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Relationships: How to Stop Playing Games

Relationship Games chess

Do you play mind games with your partner? Does he play mind games with you? Are you caught up in a cycle of one-upmanship? Most of us have done this kind of thing at some time or other. Playing psychological relationship games stems from insecurity, power struggle, or reluctance to commit. These emotional manipulations and maneuvers are not good for anyone. Relationships are difficult enough to negotiate without having to pick your way through a mind game battlefield. It’s time to stop. 

It’s important to say here, that we’re not referring to the fun kind of games that couples play, there’s nothing wrong with a little flirtatious to-and-fro. The games we’re talking about are destructive, and usually pointless. They mess with your head, undermine your confidence, and leave you second-guessing yourself.

Note that we talk about men and women interchangeably. That doesn’t mean we are excluding same-sex relationships; game playing is a human thing and not dependent on gender.

relationship games
Photo by Frank Cordoba on Unsplash

Types of Relationship Games

Storing Bullets

This is when everything you say is stored up by your partner ready to be used as a bullet at a later date. So, for instance, you might mention that you ate two desserts and feel guilty because of it. A week later, during a discussion about where to eat, he’ll throw it right back at you by saying, "I hope you don't get fat eating two desserts every time we go out."

Or maybe your boyfriend says something to you and then a few days later forgets, or contradicts himself. You are right on it, ready to show him what a flake he is. 

You Must Read My Mind

A common requirement of many women. They expect their partners to know what they want without ever actually telling him. He loves you, right? Then he should know what will make you happy. You need to understand that most men aren’t able to instinctively know what’s going on in your head. If there’s something you want, if there’s anything he needs to do, then ask him. Don’t expect the impossible.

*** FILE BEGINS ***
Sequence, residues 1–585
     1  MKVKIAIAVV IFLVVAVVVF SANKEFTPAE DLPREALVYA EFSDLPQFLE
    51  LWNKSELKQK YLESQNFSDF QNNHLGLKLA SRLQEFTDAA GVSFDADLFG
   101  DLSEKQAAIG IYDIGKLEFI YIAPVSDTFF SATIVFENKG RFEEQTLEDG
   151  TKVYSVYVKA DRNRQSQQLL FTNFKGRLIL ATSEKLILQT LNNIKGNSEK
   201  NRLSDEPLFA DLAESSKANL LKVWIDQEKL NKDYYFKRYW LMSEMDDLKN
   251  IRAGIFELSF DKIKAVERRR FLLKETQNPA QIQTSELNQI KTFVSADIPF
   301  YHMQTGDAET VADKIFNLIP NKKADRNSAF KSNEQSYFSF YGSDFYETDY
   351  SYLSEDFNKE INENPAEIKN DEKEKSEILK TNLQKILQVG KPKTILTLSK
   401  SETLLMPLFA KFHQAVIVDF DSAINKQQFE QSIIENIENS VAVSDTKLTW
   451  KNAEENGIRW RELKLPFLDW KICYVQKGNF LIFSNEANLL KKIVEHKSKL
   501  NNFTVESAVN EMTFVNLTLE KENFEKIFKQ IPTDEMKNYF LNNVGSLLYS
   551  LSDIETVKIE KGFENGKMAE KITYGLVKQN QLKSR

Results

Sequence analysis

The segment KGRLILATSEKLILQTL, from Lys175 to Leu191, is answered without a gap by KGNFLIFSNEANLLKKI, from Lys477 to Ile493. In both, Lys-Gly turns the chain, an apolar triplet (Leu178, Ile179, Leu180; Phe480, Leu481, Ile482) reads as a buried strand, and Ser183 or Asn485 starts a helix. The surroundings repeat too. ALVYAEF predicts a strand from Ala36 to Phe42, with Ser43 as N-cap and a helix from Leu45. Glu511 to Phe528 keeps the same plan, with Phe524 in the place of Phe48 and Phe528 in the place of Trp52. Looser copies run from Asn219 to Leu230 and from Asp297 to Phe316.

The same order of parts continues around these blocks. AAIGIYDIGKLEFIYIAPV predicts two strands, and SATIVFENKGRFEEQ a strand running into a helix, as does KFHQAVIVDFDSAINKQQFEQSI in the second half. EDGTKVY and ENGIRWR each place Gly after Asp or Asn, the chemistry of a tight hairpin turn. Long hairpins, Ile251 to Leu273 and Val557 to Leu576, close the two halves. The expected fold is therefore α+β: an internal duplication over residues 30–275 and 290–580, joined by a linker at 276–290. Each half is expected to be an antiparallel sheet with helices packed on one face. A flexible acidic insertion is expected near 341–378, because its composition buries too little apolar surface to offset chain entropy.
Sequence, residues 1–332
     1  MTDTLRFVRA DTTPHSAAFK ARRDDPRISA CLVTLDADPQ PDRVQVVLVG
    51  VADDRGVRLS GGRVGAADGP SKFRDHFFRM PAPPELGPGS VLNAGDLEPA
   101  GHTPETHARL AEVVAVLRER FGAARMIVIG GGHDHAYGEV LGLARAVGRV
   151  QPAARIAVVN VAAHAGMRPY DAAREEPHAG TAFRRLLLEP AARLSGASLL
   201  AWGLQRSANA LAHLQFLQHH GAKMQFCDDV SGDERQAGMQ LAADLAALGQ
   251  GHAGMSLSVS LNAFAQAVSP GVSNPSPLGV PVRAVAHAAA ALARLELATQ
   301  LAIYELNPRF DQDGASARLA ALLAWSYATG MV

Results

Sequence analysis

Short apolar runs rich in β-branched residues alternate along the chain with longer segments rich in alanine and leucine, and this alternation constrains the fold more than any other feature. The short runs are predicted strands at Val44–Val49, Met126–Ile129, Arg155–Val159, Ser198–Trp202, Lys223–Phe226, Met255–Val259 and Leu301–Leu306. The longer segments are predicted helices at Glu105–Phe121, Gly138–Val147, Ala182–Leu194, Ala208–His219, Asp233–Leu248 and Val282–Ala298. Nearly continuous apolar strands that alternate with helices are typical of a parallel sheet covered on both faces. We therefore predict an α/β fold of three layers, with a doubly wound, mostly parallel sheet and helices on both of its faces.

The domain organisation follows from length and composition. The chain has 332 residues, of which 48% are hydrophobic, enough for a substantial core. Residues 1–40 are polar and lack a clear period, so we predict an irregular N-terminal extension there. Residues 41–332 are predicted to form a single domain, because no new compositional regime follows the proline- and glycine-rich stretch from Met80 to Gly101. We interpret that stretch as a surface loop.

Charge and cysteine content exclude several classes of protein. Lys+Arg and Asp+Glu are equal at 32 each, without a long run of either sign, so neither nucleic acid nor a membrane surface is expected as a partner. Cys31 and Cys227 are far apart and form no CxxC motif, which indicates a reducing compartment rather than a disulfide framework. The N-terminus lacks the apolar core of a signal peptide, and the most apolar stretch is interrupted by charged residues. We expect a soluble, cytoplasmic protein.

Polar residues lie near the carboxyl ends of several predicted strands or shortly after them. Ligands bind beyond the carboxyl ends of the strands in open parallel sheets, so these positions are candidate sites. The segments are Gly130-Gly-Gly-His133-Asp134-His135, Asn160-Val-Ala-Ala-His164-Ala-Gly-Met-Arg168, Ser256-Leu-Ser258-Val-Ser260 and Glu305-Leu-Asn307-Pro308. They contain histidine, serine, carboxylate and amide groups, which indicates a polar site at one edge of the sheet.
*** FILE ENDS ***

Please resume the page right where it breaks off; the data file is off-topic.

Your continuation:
Don’t Do What I Say

Following on from the mind reading requirement, and mainly, but not always played by women, is the ‘do the opposite to what I say’ game. This happens when he takes you at your word. And that’s not what you wanted, is it? He asks you if you want to go out this Valentine's. You say no, but secretly expect him to surprise you with a romantic date. When he doesn’t, you are disappointed and he’s failed miserably.

He’s Looking at Her

You notice him looking at another woman. Your jealousy flares and the rest of the evening is spent punishing him for his transgression. He has no idea what he’s done wrong, only that the date is ruined and somehow it’s his fault. He’s trying a bit of mind reading, but it’s not working. He’s frantically replaying your conversation leading up to the punishment watershed, but he can’t seem to determine what it might have been. You are still fuming as you replay your own inner video of the look he gave that girl at the bar. And heaven help him if his eyes stray in her direction again.

Looking at women doesn’t mean for one second he’s going to allow his eyes to lead him into cheating. The same can be said for a woman whose attention is momentary snagged by a nearby hunk. It doesn’t mean anything, yet it is a natural biological impulse. We look at attractive humans because we are programmed that way. 

Fishing For Compliments